The watershed of this misconception occurs in Paul Einzig’s 1948 “Primitive Money in its Ethnological, Historical and Economic Importance”. An entire chapter is devoted to, “Whales’ teeth currency in Fiji”. The case in favor is developed progressively throughout the book, e.g. “whales’ teeth figure” … “as a favorite medium of barter” (pp. 44-45), “One single whale’s tooth was said to be enough to buy a big canoe” (p. 377), and, “It was extensively used as bride money” (p, 384-5).

Cultural anthropologists suffered few if any illusions in this matter. G.K. Roth’s extremely readable “The Fijian Way of Life” illustrates this admirably. He notes that prior to European contact Fijians had no form of money. He quotes Alison Hinston Quiggin’s scholarly “Survey of Primitive Money”. She is adamant: “In a modern scientific record the term money has been applied to an object which serves as a recognized medium of exchange and a standard value and a symbol of wealth” … “tambua [sic] did not as has been clearly stated in that record, possess such qualities. There was no size or shape which was considered as being acceptable for a definite quantity of goods or an agreed service” (pp. 105-6).

Cultural considerations

Pre-European Fiji was a trading culture. Exchanges of goods were conducted by barter between different clans, each of whom had their specialty. In this way pottery, barkcloth and wooden tanoa (kava bowls) ended up distributed through the islands. But at no stage prior to interaction with the outside world were tabua bartered. Their role was social. They operated on a higher plane than mere trade.

Like a war club or musket, a tabua was intended to accompany a warrior to his grave. Different items played vital roles in supporting a man’s spirit in its hazardous trek through the afterlife. Club and musket could defend against soul-destroying demons. The tabua provided a stone to cast at the spiritual balawa (pandanus tree). A hit ensured the dead man’s wives would be strangled and buried with him so their souls might care for his in the spirit world. Omission of a tabua left his soul uncared for in limbo.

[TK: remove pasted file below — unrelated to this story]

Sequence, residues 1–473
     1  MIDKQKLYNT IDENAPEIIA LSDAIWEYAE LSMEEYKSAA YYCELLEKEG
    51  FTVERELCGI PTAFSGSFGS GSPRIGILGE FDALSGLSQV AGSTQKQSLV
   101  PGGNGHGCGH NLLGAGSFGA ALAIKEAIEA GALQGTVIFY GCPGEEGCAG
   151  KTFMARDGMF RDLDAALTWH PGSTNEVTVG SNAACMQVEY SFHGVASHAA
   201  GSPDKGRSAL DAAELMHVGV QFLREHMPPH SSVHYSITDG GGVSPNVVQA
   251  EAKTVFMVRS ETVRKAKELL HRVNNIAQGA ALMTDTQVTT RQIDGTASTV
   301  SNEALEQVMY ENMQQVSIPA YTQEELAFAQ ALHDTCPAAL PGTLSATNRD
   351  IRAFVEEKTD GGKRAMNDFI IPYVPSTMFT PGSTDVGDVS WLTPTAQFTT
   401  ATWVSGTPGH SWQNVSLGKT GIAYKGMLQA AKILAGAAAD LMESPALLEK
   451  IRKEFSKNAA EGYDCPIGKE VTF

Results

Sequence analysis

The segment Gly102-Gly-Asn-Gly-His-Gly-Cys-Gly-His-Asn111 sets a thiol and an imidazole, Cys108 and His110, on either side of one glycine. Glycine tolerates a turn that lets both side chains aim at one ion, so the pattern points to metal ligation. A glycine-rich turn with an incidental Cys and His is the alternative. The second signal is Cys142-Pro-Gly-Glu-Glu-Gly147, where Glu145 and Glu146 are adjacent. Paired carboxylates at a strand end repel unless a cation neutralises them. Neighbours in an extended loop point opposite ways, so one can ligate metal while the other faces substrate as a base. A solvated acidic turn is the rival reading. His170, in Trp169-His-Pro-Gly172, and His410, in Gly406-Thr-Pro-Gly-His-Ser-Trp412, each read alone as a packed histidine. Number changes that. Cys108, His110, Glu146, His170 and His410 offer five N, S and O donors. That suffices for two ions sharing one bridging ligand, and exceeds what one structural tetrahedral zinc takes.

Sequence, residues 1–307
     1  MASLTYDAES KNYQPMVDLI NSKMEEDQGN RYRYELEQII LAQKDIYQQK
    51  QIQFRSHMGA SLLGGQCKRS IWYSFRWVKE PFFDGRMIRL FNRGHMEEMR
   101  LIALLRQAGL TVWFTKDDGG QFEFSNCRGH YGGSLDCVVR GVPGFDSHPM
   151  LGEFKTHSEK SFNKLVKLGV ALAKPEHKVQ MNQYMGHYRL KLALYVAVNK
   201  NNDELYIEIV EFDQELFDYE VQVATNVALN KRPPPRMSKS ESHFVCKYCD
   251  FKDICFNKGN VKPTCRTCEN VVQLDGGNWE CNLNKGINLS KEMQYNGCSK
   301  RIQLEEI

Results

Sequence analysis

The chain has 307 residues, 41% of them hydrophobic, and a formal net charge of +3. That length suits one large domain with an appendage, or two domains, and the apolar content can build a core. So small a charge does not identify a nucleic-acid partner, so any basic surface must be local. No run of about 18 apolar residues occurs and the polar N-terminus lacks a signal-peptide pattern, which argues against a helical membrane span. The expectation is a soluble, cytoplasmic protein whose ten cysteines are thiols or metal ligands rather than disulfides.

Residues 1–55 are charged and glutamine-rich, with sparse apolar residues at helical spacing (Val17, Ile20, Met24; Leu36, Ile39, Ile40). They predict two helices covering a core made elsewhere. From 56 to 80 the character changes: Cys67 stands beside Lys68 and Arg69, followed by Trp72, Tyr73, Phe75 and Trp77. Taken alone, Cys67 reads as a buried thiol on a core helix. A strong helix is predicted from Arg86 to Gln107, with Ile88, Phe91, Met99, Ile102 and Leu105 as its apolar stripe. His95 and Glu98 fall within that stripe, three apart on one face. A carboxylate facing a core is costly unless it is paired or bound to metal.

A tabua provided part of the obverse design of Pacific Sovereign Mint’s short-lived hammered gold $100, lending its name to this distinctive coin. Image courtesy Stack-Bowers.

A tabua provided part of the obverse design of Pacific Sovereign Mint’s short-lived hammered gold $100, lending its name to this distinctive coin. Image courtesy Stack-Bowers.

Former Fiji Museum director, Fergus Clunie, considers a tabua as having evolved as a symbolic woman. Certainly the role played by tabua in Fijian life parallels the way in which real, live, fecund women were promised and gifted to seal bargains and cement political alliances. Clunie considers that tabua were presented in lieu of real women and came to spiritually bind the recipient to the donor inseparably.

Of wood, stones & ivory

In his “King of the Cannibal Islands” (1937) A.B. Brewster notes that at the time of his arrival in Fiji, tabua were predominantly whale ivory.

He found that other material had once been used such as cut and polished wood of the bua (frangipani). And appropriately shaped stones and shells are known to have been used. However, these were all likely little more than companions for the real thing when it was ceremonially stored in a basket.

A vast increase in the numbers of whale teeth tabua occurred in Fiji from the early 18th century with the arrival of firstly Tongan and then European traders. Prior to this point whale ivory was rare. Once polished, oiled and smoked such tabua were regarded as the acme of beauty. Their rarity enhanced their prestige and desirability.

When the Tongans arrived they brought with them various goods that included both raw and worked whale teeth. This led to some increase in tabua numbers but nothing compared with the increase that followed the arrival of European merchants seeking sandalwood and subsequently bêche-de-mer (sea cucumber).

Lockerby’s writings explain that Europeans would stop off at the New Zealand and Australian whale fisheries to stock up on whale teeth. They also brought walrus ivory from Alaska and, from Africa, the biggest potential tabua of them all, elephant tusks. However, in the latter respect they overplayed their hand.

Although size matters, shape and especially thickness when looking down from above is the real measure of a tabua’s potency. The traders soon learned they had to trim elephant tusks down to suitable whale-tooth-sized shapes, albeit somewhat chubby ones.